The Paphiopedilum Lady Slipper Orchid is a beautiful flower that can be grown indoors in the wintertime. They are easy to care for and require minimal attention to stay healthy, but they do have some special needs when compared with other varieties of orchids. In this post, we will cover how to take care of your Lady Slipper Orchid so you can enjoy their blooms all year round!
This orchid genus contains over 100 species of Lady Slipper Orchids, including the Paphiopedilum Aphrodite. They are widely distributed in tropical Southeast Asia and East Africa but rarely found outside their native habitats. Some varieties grow best as epiphytes on tree bark while others prefer to grow in the ground or on rocks.
The Lady Slipper Orchid has a monopodial growth habit, meaning it grows from one stem with a single leaf at the apex. This creates an airy appearance and makes this particular variety easy to care for as there are few leaves (dead or alive) that need attention when compared with other varieties of orchids.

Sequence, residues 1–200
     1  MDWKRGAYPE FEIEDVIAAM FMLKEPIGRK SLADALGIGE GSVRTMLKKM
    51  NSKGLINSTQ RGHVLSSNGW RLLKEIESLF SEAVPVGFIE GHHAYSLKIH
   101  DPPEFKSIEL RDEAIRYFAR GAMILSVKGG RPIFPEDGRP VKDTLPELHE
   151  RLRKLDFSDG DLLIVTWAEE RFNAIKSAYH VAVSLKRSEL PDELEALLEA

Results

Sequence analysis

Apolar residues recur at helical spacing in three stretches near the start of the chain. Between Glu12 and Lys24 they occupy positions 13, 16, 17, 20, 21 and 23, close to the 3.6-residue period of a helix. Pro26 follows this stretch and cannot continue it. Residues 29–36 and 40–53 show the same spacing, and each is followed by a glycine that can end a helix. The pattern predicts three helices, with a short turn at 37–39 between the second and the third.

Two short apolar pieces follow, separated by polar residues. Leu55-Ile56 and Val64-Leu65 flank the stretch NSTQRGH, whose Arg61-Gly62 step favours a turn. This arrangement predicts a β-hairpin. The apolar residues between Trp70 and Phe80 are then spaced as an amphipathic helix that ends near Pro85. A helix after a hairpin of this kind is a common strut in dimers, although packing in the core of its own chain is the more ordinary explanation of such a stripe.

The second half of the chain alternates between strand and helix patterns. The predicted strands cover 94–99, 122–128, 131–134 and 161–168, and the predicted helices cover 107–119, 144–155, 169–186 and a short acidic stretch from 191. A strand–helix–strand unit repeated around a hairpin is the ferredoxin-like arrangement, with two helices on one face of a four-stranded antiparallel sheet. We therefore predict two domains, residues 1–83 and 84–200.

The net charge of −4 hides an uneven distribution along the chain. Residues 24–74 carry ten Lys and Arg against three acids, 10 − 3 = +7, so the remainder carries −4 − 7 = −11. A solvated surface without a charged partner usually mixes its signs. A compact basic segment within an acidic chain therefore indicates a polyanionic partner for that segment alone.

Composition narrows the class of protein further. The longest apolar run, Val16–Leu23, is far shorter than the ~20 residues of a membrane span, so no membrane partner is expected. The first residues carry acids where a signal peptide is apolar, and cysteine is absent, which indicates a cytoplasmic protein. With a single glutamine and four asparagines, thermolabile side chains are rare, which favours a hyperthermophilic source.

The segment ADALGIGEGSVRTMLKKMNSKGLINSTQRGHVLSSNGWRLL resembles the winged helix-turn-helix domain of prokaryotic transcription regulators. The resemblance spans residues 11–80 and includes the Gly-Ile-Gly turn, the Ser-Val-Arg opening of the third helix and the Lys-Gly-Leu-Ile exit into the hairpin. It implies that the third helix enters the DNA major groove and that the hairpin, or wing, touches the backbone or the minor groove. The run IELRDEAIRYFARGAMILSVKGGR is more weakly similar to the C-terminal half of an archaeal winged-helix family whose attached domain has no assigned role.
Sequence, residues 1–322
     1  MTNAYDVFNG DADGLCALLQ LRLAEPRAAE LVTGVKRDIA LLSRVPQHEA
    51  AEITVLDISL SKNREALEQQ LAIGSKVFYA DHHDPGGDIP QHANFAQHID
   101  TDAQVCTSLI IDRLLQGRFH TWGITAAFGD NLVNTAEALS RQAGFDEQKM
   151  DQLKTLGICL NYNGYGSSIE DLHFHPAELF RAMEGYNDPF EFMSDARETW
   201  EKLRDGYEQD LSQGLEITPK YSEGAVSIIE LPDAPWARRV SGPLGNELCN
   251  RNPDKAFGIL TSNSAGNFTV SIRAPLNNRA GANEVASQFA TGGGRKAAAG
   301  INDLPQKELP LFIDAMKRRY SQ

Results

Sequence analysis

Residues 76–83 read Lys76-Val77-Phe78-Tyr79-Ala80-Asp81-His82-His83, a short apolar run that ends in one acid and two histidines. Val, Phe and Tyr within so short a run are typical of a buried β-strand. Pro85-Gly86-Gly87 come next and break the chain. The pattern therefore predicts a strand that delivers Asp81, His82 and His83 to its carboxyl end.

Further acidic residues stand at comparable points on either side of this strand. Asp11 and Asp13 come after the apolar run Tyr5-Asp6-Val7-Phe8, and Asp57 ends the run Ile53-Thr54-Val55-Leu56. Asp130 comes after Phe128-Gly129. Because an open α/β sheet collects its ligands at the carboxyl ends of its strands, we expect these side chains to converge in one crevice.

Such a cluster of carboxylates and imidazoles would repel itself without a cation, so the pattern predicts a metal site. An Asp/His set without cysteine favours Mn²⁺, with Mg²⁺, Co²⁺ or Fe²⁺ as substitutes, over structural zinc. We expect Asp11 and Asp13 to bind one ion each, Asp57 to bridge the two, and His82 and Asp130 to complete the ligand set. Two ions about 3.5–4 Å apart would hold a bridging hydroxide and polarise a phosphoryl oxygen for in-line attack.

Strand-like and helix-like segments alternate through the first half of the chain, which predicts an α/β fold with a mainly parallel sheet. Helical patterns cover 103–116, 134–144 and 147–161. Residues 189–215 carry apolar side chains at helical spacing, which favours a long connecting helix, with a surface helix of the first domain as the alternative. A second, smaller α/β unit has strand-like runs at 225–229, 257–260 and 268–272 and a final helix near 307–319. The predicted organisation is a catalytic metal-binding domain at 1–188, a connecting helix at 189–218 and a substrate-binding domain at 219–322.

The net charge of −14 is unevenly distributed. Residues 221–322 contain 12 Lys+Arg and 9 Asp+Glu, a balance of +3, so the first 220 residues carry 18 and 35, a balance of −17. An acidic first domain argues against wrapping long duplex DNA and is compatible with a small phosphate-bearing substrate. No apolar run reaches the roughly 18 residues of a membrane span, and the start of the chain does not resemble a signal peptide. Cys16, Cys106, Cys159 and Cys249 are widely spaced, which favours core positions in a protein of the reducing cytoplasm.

Lady Slipper Orchids can tolerate a wide range of water conditions and are therefore easy to care for. If grown as an epiphyte, they need less water than those planted in the ground or on rocks because their leaves absorb moisture from air humidity alone.
If you plant your Lady Slipper Orchid in potting mix that holds moisture, you can water it whenever the top inch of the potting mix is dry. If grown in a bark medium or as an epiphyte, they should only be watered when the crown shows signs of wilting and never when flowers are open.